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Detroit lawyers: We'll probably take consent agreement to court

Detroit skyline
user Bernt Rostad
creative commons
Detroit skyline

Officials with Detroit’s law departmentthey’ll most likely challenge the city’s consent agreement with the state.

Last week, Detroit’s corporation counsel issued a letter suggesting the agreement was illegal because the state owes the city money.

State officials say that premise is all wrong, and the opinion has no legal merit.

Detroit Mayor Dave Bing declined to comment specifically on the legal challenge.

Some City Council members oppose taking the issue to court, calling it pointless and counterproductive.

Council President Pro-Tem Gary Brown says given that the city entered the consent agreement because it was about to run out of cash, it’s a bad idea.

“What’s the end game in going to court?” Brown asked Tuesday. “Bankruptcy? If in fact the judge is to rule that this is illegal, there’s no plan B attached to going to court.”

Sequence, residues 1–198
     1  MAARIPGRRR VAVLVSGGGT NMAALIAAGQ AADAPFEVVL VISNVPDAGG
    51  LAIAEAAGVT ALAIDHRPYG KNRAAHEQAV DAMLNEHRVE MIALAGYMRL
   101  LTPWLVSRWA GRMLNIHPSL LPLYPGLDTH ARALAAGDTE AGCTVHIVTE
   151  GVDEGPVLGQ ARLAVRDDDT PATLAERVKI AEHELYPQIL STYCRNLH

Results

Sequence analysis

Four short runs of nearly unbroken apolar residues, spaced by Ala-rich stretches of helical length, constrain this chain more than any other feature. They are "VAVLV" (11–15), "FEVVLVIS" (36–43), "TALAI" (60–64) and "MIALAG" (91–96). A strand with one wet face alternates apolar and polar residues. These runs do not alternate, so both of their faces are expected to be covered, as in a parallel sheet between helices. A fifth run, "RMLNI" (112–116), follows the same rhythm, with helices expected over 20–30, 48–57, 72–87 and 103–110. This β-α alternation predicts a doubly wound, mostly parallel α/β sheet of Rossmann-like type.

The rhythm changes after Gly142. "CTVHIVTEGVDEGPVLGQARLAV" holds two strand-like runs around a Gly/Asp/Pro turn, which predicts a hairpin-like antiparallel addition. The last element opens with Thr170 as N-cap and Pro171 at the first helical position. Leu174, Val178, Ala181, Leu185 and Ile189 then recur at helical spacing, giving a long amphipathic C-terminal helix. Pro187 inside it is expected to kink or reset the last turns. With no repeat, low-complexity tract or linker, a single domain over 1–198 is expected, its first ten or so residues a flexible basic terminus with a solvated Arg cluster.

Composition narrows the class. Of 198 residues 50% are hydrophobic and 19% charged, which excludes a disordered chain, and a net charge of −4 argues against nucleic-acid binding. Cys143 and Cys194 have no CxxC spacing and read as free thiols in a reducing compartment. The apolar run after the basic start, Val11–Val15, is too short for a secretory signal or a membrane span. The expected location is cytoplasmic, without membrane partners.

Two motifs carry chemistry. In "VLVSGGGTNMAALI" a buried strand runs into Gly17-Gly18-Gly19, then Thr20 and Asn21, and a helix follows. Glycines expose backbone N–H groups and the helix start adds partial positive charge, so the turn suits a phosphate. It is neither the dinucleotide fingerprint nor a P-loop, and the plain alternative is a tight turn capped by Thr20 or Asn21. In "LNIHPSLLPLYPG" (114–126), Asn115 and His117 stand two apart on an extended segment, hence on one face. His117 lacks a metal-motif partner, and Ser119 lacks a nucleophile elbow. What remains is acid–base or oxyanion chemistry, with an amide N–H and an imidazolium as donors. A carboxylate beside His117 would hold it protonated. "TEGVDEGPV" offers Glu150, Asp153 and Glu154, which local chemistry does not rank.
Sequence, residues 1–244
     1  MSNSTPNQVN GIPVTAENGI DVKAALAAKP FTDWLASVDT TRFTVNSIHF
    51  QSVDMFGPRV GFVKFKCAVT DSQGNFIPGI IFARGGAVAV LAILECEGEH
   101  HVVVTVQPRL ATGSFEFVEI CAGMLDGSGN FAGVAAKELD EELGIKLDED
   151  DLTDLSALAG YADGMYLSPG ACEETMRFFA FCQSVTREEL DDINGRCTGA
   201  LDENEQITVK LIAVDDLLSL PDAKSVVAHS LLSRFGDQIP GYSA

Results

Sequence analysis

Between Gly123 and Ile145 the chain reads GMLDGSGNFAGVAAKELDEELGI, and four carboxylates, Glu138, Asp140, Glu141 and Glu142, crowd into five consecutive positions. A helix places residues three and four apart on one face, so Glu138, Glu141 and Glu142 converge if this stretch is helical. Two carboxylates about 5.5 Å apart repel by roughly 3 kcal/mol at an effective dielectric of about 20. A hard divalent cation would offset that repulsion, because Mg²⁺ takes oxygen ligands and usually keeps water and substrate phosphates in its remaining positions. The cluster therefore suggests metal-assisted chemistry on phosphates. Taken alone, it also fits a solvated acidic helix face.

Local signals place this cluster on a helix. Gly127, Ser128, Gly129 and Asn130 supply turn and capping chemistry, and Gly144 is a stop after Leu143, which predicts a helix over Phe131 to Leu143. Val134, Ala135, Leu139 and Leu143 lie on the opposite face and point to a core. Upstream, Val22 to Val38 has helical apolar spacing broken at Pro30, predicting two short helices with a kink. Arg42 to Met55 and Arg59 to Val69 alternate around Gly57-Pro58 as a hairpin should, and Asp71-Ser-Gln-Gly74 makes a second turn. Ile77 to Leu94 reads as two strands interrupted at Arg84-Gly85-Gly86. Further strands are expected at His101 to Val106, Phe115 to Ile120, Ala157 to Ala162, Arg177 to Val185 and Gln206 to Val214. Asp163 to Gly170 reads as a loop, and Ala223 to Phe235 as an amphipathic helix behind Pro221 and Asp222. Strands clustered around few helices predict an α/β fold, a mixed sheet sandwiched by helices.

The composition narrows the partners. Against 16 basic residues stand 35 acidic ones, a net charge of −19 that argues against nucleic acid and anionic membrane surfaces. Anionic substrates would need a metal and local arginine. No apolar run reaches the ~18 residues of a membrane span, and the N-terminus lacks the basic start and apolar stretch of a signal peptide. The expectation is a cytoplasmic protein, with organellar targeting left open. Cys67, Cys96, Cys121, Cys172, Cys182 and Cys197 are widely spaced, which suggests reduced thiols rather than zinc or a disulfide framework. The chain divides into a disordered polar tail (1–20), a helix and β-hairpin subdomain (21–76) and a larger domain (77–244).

But Council member Kwame Kenyatta took the opposite view. He says if city lawyers are right and the agreement violates the city charter, that’s a serious problem.

“If the corporation counsel’s office has determined that there is a violation… then I think this body either respects its charter and respects its corporation counsel, or it doesn’t,” Kenyatta said.

The Council put off until Thursday a vote on whether to approve members of a new financial advisory board.

That nine-member board is an important requirement of the consent agreement. It’s supposed to have a major say in the city’s budget process, and make sure the city doesn’t spend more than it takes in.

But Council has delayed approving the Board. And now, some members suggest the city should now wait for a judge’s opinion on the consent agreement before doing that.

In the meantime, Council members must also approve Detroit’s city budget for the next fiscal year on Thursday.

Sarah Cwiek joined Michigan Public in October 2009. As our Detroit reporter, she is helping us expand our coverage of the economy, politics, and culture in and around the city of Detroit.